VIDEO: Making VoIP Reliability Relatable – The Reliability of VoIP


Welcome to the Telonium Thursdays Whiteboard Web Series. I’m your host for the week, Alex. Last week, we discussed the steps you take in order to switch from analog to VoIP.

Today I’ll be going over a question many people have – how reliable is VoIP?

The first thing we want to address is audio quality. We mentioned this in a previous video, but we’ll touch on it again. 20 years ago, when VoIP first was available, internet speed was terrible. Now, with high speed internet and things like HD voice, sound quality is no longer an issue. If you think you might be using too much bandwidth for your internet service to handle (which could cause poor audio quality), then you can check out the resource we have on our website or link we included in the YouTube description called the Internet Speed Test, which will help you figure out how many extensions or phones you can have with your internet connection.

Something a lot of people bring up is the possibility of a VoIP call being hacked. First, remember that any phone system can be intercepted, even analog. In fact, VoIP is just as secure, if not more. There are a lot of further points for and against VoIP in terms of security, but that goes beyond the scope of this video, so we’ll move on. If this is a major concern of yours, feel free to direct message or call us and we can answer some of your questions


So our first diagram is a picture of how you make a phone call to someone using an analog system and the second is a picture of how you would make a phone call using VoIP.

In the first picture, you see Bob making a call to Alice. First, his call is routed through the analog PBX, then through to his carrier, then through the PSTN to Alice.

In the second picture, Bob makes his call using VoIP. First, Bob’s call is sent through the Internet, which is analogous to his call being sent through a PBX in the first picture. That’s why we call this a “hosted” PBX, because the PBX is being hosted on the internet. Through the Internet, the call is sent to us at Telonium, and then sent to the PSTN, and then finally connected to Alice.

All these points and connections are places where problems can occur and have to be considered when judging the overall reliability of the system.

Let’s look at the first point, the connection to the PBX.

When it comes to the connection to the PBX, some relevant questions are: will the individuals involved set it up right? Will they make mistakes in maintenance or when they have to make small changes to the system?

It’s clear that there’s a huge human factor involved. And considering this,the less complicated something is, the more likely humans will be able to set it up right without making costly mistakes. Something else that has to be taken into account is that a small business, with less resources than an enterprise-level business, will likely have more trouble installing and maintaining a complicated analog phone system. If you’ve ever seen a closet PBX before, you know exactly how complex something like this is. If not take a look at this picture:


Granted, this is a pbx for many more people than you’d have at a small business. But it’s still extremely complicated.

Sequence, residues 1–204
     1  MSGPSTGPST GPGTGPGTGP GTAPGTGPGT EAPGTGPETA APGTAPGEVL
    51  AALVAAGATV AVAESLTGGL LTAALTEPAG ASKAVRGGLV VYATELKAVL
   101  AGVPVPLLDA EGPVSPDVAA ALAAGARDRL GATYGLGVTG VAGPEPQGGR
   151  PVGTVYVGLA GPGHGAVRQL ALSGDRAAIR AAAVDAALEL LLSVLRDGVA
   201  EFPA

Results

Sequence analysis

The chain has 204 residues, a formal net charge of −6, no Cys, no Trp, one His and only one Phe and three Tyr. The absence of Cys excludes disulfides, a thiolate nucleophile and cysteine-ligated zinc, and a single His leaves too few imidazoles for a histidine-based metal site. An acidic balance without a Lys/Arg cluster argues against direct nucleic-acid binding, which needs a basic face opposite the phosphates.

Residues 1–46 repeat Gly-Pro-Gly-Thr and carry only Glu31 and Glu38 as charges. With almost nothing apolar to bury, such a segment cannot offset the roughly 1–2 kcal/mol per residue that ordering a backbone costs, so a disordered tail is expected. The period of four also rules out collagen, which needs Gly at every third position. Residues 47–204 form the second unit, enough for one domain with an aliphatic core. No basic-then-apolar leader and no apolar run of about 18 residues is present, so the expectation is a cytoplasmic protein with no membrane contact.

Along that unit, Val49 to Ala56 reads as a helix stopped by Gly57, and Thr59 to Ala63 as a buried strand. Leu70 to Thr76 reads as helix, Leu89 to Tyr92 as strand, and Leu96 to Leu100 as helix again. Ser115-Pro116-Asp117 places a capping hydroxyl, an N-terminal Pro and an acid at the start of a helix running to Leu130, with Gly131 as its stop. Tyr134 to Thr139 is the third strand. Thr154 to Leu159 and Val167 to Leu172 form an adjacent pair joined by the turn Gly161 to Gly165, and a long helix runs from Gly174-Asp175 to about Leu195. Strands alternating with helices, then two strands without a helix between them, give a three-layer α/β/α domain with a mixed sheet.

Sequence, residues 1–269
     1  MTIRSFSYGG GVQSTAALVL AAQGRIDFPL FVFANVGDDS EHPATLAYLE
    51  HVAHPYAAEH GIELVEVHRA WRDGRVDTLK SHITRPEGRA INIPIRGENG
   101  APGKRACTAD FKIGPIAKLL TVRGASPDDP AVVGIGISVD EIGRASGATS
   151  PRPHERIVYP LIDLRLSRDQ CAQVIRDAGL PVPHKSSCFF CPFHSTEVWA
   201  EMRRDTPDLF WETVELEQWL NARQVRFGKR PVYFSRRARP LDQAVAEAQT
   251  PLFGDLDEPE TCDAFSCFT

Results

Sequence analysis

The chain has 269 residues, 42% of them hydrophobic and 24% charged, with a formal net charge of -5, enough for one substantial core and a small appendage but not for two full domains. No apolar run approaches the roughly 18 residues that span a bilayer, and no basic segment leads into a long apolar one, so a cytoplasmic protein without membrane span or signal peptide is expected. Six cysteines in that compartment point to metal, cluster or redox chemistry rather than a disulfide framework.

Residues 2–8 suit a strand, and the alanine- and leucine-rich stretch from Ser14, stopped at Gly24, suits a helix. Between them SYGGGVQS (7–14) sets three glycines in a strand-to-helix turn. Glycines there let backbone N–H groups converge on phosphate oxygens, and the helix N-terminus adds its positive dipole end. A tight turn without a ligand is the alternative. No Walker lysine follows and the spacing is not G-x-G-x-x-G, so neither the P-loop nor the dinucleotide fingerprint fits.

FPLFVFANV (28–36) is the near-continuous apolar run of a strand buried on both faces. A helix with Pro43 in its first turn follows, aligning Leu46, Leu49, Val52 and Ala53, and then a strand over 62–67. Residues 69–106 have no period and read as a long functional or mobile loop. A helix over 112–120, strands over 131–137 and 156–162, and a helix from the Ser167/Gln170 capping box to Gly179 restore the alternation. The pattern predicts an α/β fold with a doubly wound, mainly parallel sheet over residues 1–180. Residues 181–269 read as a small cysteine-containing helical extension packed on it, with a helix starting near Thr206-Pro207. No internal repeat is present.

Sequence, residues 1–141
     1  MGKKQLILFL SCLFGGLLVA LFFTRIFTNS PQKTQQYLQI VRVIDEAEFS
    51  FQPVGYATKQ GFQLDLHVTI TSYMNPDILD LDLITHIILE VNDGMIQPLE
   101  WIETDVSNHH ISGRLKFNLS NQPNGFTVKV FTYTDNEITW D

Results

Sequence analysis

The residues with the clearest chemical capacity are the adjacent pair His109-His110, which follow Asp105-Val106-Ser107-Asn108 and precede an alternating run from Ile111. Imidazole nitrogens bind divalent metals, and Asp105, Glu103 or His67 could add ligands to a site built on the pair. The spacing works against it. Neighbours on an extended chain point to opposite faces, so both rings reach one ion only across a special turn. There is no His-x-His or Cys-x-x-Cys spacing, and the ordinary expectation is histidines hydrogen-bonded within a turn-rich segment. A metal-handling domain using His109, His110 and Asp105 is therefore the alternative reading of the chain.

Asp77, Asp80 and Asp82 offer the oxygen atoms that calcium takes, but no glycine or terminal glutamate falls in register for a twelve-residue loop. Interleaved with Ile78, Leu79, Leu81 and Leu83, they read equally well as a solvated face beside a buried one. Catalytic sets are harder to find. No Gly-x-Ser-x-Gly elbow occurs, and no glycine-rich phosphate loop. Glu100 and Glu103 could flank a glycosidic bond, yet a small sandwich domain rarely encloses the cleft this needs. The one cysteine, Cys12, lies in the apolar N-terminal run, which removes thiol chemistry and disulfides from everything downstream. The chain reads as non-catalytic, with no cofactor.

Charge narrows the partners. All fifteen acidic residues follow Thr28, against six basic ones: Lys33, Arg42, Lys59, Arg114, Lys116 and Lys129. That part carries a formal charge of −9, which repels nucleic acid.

Meanwhile, with a VoIP system, all you have to do is plug in an IP phone into the internet and voila! You can make phone calls! The setup here is extremely simple.

Now even if you somehow mess up in this case, you still have some sense of a backup. In VoIP, messing up plugging in things will only result in certain IP phones not working. But if you mess up plugging in things involved in an analog PBX, the entire PBX can fail. In other words, your entire phone system might not work.

The second connection is from the PBX to the carrier; alternatively, from the hosted pbx to your VoIP provider. Let’s face it, both your analog phone line and your internet connection can go out. But with VoIP, you can have a backup: you can go anywhere with an internet connection and still be able to make calls. That means if your internet is out at your business, you and your employees have the option to work from home or route inbound calls to your cellphone.

Through both connections 1 and 2, you also need to have power. You need to have power to run both analog and VoIP phone systems. But with VoIP, once again, you can easily work from home for the time being rather than trying to buy an expensive power generator just to deal with downtime. Our facilities that power our hosted phone systems are often on a separate and more reliable power grid with generators that can sustain the entire building for almost 10 hours. During these rare occasions, we also can reroute the phone systems to our backup locations across the country to provide you with a continuous service.

The third connection is from the carrier to the PSTN, or alternatively, from us to the PSTN. Our reliability here is 99.99%. When you read some of the reliability comparisons of VoIP to analog, this is what they’re talking about when they say VoIP is less reliable. Analog providers have a higher percentage of reliability here. Some things Telonium is doing to increase reliability is partnering with multiple carriers to reroute calls in case of a link failure.

Typical comparisons in reliability of VoIP to analog ignore a lot of these points we’ve brought up today. Although VoIP may seem worse at first glance, a look in depth shows that it has a number of backups that analog systems lack.

Thanks for watching  and make sure you stay tuned for next week’s video. Until then, tweet us @telonium, follow us on pinterest and instagram, or visit our website at